8th February, 2018

Notifiable Data Breaches legislation: Everything you need to know, and how to be prepared

Whether it’s your customer lists, customer preferences, patient medical records or client financials, personal information and data is the lifeblood of any organisation. Effective 22nd February 2018, organisations that are covered by the Privacy Act will be required to notify individuals whose personal information is involved in a data breach that is likely to result in “serious harm”, as soon as practicable after becoming aware of a breach.

Data Breach Notifications will introduce new costs and consequences for companies when an incident occurs, with IBM’s Cost of Data Breach Study in Australia for 2017 noting the average cost of a data breach is $139 per compromised record. This figure represents expenses incurred including the value of lost customers, size and number of records lost or stolen, costs incurred in identification and containment, forensic investigation expenses, crisis management, costs in responding to concerned clients, and dealing with government investigations.

Furthermore, failure to comply with the breach notification requirements will leave individuals and organisations open to fines and penalties, with the maximum currently $360,000 for individuals and $2.1 million of organisations.

So what is the Notifiable Data Breaches Scheme, and how will it apply to your business?


What is the Notifiable Data Breaches Scheme?

Effective 22nd February 2018, the Notifiable Data Breach scheme will become live in Australia. The scheme will place an obligation on eligible entities to notify individuals whose personal information is involved in a data breach that is likely to result in serious harm.


Who does the scheme apply to?

The scheme will apply to all agencies and organisations with existing personal information security obligations under the Privacy Act (1998). This will include, but is not limited to the following types of entities:

  • Any Health Service Providers
  • Organisations that handle health data
  • Businesses with turnover greater than $3 million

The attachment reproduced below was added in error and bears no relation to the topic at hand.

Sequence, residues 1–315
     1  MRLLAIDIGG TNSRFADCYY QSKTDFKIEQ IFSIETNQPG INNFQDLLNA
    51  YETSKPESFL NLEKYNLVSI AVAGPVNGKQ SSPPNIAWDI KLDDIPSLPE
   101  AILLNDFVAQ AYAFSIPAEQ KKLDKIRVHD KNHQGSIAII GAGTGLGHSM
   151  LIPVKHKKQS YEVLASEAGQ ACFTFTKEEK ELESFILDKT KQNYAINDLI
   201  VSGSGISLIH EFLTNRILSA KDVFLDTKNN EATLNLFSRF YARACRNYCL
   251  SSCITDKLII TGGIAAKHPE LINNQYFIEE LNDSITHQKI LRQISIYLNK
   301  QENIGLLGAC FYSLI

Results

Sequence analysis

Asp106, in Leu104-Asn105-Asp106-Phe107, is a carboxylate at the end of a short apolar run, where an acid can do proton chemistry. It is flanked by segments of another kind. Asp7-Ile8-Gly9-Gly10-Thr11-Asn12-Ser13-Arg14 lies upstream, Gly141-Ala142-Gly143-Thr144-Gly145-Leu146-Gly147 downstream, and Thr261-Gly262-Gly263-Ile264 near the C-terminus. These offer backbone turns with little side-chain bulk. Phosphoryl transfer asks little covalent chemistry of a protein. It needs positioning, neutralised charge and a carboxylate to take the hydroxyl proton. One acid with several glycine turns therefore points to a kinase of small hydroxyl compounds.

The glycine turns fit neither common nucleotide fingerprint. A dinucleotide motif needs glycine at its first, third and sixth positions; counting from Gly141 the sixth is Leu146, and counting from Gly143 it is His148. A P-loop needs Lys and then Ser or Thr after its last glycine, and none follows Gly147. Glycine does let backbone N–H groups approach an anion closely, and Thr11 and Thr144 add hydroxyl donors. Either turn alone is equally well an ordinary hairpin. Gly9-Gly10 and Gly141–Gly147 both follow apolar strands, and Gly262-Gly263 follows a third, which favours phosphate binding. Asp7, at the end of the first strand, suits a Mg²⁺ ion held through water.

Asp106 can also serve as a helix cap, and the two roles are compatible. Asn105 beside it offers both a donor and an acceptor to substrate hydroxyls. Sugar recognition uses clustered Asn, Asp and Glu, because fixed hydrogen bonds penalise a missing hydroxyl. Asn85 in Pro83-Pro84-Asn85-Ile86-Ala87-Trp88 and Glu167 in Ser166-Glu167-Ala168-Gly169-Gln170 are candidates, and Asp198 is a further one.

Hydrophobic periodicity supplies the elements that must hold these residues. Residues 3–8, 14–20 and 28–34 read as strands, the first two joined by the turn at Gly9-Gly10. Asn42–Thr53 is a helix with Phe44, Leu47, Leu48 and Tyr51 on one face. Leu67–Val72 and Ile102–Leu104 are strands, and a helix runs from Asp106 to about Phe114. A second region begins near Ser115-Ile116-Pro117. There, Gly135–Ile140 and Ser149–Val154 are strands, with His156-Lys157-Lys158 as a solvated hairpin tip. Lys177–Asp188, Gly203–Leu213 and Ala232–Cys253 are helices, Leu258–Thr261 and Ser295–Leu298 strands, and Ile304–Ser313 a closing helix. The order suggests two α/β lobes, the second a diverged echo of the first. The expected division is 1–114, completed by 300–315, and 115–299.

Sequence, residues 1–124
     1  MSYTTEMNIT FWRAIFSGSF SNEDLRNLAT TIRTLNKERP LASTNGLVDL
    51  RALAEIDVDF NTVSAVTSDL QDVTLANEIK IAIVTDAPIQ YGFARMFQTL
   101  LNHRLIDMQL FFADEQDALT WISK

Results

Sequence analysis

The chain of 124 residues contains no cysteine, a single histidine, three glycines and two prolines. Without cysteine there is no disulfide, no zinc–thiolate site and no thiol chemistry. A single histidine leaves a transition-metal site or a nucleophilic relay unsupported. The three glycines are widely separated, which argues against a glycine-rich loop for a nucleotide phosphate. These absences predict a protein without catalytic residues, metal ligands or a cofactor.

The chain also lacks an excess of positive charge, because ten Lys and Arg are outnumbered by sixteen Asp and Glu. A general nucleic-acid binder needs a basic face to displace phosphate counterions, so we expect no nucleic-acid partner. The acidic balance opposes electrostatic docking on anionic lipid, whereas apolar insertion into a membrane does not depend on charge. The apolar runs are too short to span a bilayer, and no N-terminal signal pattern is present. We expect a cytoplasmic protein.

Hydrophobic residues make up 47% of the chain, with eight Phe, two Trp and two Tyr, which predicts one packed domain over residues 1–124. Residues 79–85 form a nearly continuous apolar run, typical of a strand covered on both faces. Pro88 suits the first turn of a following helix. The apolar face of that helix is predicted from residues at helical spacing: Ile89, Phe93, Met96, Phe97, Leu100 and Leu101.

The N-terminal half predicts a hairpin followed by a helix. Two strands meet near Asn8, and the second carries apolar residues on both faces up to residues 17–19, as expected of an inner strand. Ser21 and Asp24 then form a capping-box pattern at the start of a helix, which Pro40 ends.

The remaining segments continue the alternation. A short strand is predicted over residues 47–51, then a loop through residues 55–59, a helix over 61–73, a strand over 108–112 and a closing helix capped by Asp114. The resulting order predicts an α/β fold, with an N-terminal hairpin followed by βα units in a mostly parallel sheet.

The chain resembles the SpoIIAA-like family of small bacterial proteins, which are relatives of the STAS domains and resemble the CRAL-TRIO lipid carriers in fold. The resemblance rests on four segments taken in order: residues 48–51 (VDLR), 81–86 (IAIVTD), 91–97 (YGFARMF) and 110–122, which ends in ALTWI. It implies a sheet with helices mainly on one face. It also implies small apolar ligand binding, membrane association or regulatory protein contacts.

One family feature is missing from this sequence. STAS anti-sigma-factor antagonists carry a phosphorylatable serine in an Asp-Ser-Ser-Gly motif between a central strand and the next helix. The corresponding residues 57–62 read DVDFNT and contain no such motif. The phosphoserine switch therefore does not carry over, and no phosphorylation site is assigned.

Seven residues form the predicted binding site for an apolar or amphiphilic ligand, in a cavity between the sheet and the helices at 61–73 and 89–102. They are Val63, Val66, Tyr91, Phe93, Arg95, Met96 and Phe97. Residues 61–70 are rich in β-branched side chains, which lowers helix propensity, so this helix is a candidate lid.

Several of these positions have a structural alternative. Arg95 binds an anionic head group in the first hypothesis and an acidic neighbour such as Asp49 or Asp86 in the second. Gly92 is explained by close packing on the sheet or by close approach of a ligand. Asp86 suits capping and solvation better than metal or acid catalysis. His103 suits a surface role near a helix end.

• Not for profit organisations
  • Child Care Providers
  • Education Providers
  • Australian Government Entities
  • Businesses that trade in personal information – including entities that disclose personal information about individuals to anyone else for a benefit, service or advantage; or entities that provide a benefit, service or advantage to collect personal information about another individual from anyone else
  • Businesses and individuals who handle personal information (including Tax File Numbers)

Businesses that handle tax file numbers, including employee records, are subject to the scheme to the extent the information is involved in a data breach.


What is considered a Data Breach?

An eligible breach will be considered to have occurred if the following is met:

There is unauthorised access to, or unauthorised disclosure of, information
Information is lost in circumstances where unauthorised access or disclosure is likely to occur
A reasonable person would conclude that the access or disclosure is likely to result in serious harm to any individuals to which the information relates.

In relation to the scope of “serious harm”, the explanatory memorandum included with the act suggests it could include serious physical, psychological, emotional, economic and financial harm, as well as serious harm to reputation.

Information which could be considered subject to the act include:

  • Information about an individual’s health
  • Documents commonly used for identity fraud including:
    • Medicare card
    • Driver’s Licence
    • Passport Details
  • Financial Information
  • Combinations of different types of personal information that allows more to be known about an individuals can cause serious harm.